Now, here's the good stuff: figure each franchise should be making $23 per capita. Only 10 teams are below that, it's a nice low number and if anything it's generous to the guys we're about to hit up for money. Multiply $23 by the number of people in the market; that's how much they should be taking in. Now, if their markets had the optimal number of teams, they'd make 4,000,000 people * $23 = $92,000,000. The difference is the free money they're getting for being in their cozy, lucrative markets. We take half of that, for a total of $367MM.


			   TIM        TIM   Add. Teams       Proj Curr.  Would make w/
Team                  Possible  Currently  Supportable          Revenue     add. teams  Contribution 
New York Yankees          5.05          2         3.05  $232,261,463.50    $92,000,000   $70,130,732  
New York Mets             5.05          2         3.05  $232,261,463.50    $92,000,000   $70,130,732  
Los Angeles Dodgers       4.01          2         2.01  $184,420,750.50    $92,000,000   $46,210,375  
Anaheim Angels            4.01          2         2.01  $184,420,750.50    $92,000,000   $46,210,375  
Baltimore Orioles         1.84          1         0.84  $169,258,012.00    $92,000,000   $38,629,006  
Philadelphia Phillies     1.50          1         0.50  $137,977,782.00    $92,000,000   $22,988,891  
Boston Red Sox            1.42          1         0.42  $130,346,175.00    $92,000,000   $19,173,088  
Detroit Tigers            1.37          1         0.37  $125,794,176.00    $92,000,000   $16,897,088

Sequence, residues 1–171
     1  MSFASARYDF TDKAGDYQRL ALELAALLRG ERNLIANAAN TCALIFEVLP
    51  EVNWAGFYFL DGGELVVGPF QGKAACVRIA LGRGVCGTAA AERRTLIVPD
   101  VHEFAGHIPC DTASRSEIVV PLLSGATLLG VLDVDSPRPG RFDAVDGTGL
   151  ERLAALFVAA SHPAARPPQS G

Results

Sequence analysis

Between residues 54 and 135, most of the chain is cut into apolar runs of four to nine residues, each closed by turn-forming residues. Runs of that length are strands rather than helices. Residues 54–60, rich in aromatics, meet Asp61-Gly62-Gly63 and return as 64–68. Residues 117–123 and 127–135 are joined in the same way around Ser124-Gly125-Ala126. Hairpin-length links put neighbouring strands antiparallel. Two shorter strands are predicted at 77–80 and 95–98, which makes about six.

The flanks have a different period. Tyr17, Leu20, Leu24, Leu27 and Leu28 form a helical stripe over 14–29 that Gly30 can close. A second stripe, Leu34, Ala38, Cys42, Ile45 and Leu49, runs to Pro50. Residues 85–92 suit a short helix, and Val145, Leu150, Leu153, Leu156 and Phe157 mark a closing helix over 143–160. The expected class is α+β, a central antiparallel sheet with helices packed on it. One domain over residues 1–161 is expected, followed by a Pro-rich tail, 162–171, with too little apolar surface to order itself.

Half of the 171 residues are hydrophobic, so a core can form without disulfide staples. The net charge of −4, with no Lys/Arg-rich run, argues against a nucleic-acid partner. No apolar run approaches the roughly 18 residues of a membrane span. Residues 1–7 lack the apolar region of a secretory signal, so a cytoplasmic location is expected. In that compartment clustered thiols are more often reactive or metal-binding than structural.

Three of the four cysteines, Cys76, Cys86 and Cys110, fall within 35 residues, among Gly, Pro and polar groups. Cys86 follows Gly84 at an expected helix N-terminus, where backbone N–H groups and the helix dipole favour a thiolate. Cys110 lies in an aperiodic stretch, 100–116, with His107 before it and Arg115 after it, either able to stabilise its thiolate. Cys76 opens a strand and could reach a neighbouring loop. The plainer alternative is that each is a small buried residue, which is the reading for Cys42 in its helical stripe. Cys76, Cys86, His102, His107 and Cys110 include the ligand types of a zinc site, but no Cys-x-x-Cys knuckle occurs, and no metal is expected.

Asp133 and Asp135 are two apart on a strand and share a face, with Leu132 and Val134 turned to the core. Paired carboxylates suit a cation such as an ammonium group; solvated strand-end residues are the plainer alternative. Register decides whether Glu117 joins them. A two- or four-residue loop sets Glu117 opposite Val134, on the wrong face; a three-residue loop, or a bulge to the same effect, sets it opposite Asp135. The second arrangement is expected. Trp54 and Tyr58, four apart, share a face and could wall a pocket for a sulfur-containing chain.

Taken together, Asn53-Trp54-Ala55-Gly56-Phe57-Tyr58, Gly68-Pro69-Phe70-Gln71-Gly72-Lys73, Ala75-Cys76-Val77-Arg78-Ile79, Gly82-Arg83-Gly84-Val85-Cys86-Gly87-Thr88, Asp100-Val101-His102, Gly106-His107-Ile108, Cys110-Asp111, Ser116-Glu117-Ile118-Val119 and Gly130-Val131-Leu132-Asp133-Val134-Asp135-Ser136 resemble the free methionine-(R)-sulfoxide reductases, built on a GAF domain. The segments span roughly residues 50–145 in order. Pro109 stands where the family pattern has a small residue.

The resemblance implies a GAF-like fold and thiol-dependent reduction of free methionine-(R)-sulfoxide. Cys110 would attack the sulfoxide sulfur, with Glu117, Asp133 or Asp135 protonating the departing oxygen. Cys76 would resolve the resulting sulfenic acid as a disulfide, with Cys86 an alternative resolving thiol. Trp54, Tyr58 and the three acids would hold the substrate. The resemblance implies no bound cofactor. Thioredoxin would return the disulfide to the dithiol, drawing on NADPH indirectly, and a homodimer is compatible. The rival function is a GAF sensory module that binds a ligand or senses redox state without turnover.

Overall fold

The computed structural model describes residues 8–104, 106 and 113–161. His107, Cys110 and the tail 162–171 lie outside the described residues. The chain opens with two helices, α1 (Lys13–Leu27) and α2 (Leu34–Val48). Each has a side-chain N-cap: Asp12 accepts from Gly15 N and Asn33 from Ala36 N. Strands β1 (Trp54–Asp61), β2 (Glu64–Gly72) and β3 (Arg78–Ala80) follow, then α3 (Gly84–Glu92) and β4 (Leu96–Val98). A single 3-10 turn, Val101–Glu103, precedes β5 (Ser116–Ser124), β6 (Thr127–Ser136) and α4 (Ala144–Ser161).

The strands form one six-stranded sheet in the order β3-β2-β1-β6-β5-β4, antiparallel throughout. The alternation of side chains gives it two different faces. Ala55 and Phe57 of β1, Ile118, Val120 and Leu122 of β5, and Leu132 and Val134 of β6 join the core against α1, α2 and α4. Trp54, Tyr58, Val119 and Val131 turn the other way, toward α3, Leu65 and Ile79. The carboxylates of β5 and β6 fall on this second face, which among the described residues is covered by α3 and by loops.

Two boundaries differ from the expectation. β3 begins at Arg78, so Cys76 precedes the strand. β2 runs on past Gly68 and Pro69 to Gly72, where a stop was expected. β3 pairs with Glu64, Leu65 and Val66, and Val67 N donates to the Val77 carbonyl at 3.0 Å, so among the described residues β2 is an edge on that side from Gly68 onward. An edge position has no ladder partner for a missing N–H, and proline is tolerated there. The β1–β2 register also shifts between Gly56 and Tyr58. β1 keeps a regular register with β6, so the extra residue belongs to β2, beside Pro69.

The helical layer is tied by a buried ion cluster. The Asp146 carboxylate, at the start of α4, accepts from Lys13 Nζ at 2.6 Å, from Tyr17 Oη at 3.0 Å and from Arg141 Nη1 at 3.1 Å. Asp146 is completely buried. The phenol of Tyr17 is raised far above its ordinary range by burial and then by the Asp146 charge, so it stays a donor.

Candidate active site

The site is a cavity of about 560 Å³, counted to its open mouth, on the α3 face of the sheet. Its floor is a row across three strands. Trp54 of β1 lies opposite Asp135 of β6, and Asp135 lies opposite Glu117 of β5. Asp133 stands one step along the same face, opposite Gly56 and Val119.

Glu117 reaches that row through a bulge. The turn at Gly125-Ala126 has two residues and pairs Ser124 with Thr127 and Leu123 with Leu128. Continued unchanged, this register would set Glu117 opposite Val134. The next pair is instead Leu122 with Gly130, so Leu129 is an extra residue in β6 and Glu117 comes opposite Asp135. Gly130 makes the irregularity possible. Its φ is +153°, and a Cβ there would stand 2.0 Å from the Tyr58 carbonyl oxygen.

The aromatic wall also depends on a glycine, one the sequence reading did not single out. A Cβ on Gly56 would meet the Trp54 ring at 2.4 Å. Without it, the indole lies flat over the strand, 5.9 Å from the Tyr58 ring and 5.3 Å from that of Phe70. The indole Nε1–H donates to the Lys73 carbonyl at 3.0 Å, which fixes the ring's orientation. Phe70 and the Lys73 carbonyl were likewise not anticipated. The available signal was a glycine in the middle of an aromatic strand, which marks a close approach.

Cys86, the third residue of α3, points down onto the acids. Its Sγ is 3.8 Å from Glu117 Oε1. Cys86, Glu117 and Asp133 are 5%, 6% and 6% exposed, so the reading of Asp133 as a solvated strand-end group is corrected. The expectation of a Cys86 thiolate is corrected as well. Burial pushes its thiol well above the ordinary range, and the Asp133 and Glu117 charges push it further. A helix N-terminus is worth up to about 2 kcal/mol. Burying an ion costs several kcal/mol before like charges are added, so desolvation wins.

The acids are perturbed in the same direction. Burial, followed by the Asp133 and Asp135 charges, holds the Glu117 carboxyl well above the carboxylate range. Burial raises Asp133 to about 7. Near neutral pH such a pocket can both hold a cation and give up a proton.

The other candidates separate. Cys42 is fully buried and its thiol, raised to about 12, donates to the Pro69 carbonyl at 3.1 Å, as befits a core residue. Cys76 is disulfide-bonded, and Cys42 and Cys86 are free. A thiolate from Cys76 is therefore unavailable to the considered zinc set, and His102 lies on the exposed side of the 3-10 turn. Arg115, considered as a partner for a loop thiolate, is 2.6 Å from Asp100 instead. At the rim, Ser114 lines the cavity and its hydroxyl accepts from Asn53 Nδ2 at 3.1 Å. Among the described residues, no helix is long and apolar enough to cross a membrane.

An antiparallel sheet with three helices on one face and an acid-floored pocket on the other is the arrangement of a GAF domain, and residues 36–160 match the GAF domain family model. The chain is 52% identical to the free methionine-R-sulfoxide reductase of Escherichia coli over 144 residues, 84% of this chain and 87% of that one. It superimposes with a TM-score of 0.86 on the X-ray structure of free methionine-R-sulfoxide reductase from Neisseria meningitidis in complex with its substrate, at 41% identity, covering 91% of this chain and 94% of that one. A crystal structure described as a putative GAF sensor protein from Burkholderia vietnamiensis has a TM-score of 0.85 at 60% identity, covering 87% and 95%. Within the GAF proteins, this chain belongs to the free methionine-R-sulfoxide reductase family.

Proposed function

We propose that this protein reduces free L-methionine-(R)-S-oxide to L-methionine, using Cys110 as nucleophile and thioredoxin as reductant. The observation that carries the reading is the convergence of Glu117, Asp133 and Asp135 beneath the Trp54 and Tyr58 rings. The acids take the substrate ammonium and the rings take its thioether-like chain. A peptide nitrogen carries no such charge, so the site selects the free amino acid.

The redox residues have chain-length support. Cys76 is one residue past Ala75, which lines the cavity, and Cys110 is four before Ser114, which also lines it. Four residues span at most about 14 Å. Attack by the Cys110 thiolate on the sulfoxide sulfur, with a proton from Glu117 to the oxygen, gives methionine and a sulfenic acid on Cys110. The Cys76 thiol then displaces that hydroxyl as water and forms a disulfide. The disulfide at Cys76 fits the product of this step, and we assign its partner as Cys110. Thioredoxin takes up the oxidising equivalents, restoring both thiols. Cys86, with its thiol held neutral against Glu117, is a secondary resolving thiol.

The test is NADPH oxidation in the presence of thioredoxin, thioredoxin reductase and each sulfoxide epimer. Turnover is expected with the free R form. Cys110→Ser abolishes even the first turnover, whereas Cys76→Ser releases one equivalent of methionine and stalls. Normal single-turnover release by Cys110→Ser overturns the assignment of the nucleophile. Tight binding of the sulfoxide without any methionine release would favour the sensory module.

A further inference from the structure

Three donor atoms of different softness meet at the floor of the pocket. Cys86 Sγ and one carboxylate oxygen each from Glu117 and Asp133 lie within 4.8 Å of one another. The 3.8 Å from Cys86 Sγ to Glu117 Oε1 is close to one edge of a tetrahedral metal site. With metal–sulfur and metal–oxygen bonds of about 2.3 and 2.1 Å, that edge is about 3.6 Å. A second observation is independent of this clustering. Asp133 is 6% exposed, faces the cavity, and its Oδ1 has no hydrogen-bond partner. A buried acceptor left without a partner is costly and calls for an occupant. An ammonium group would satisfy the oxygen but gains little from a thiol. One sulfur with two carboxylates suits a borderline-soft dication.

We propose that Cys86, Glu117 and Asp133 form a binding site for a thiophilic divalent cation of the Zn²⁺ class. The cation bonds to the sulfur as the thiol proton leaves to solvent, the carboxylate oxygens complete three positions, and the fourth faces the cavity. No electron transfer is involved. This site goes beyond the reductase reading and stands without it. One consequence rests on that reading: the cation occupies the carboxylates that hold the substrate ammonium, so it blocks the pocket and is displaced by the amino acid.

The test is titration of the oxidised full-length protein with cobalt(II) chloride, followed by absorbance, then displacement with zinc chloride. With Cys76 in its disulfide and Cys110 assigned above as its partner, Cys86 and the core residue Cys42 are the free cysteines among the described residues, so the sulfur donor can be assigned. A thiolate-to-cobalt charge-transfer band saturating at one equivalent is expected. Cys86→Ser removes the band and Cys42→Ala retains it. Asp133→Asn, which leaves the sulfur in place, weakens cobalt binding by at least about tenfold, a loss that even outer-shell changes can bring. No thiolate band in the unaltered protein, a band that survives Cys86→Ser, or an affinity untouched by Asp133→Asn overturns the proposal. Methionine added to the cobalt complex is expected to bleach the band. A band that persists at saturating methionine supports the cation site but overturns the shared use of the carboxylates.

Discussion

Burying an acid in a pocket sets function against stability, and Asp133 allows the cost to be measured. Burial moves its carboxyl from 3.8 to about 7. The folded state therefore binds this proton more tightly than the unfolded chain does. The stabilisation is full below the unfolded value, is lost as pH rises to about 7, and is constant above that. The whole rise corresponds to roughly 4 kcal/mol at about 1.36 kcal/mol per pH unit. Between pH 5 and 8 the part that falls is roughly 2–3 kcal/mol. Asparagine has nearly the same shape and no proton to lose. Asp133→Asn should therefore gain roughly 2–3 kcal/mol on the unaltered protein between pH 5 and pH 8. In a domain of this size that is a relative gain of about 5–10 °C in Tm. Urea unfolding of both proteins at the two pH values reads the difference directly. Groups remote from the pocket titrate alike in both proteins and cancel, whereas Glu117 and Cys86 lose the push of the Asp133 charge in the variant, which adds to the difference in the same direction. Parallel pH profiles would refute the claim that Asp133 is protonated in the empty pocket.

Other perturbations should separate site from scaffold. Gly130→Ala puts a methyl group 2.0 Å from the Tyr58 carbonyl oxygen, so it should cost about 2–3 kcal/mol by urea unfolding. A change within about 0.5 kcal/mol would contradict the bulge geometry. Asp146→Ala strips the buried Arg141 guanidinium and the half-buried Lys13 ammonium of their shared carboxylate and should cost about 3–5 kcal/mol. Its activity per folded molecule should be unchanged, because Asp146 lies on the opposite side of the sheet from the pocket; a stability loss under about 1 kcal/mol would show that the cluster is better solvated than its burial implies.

Texas Rangers             1.23          1         0.23  $112,919,029.00    $92,000,000   $10,459,515  
Toronto Blue Jays         1.22          1         0.22  $112,272,200.00    $92,000,000   $10,136,100  
Houston Astros            1.12          1         0.12  $103,356,043.00    $92,000,000    $5,678,022  
Chicago Cubs              2.22          2         0.22  $102,188,068.50    $92,000,000    $5,094,034  
Chicago White Sox         2.22          2         0.22  $102,188,068.50    $92,000,000    $5,094,034  
TOTAL                                                                                   $366,831,991  

(TIM: Teams In Market)

We've passed the hat, and there's $367 million in it. To distribute it, we pass it in exactly the opposite way: if you're in a MSA of under four million people, you get the difference in population * $23. Teams drawing cash, and the amounts:


						    Amount
Team                     MSA size    Adj MSA   under 3.65m   Amt Collected  
Milwaukee Brewers       1,648,199  1,648,199  2,001,801.00  $46,041,423.00  
Kansas City Royals      1,755,899  1,755,899  1,894,101.00  $43,564,323.00  
Cincinnati Reds         1,960,995  1,960,995  1,689,005.00  $38,847,115.00  
Tampa Bay Devil Rays    2,278,169  2,278,169  1,371,831.00  $31,552,113.00  
Pittsburgh Pirates      2,331,336  2,331,336  1,318,664.00  $30,329,272.00  
Colorado Rockies        2,417,908  2,417,908  1,232,092.00  $28,338,116.00  
St. Louis Cardinals     2,569,029  2,569,029  1,080,971.00  $24,862,333.00  
San Diego Padres        2,820,844  2,820,844    829,156.00  $19,070,588.00  
Minnesota Twins         2,872,109  2,872,109    777,891.00  $17,891,493.00  
Cleveland Indians       2,910,616  2,910,616    739,384.00  $17,005,832.00  
Arizona Diamondbacks    3,013,696  3,013,696    636,304.00  $14,634,992.00  
Montreal Expos          3,326,510  3,326,510    323,490.00   $7,440,270.00  
San Francisco Giants    6,873,645  3,436,823    213,177.50   $4,903,082.50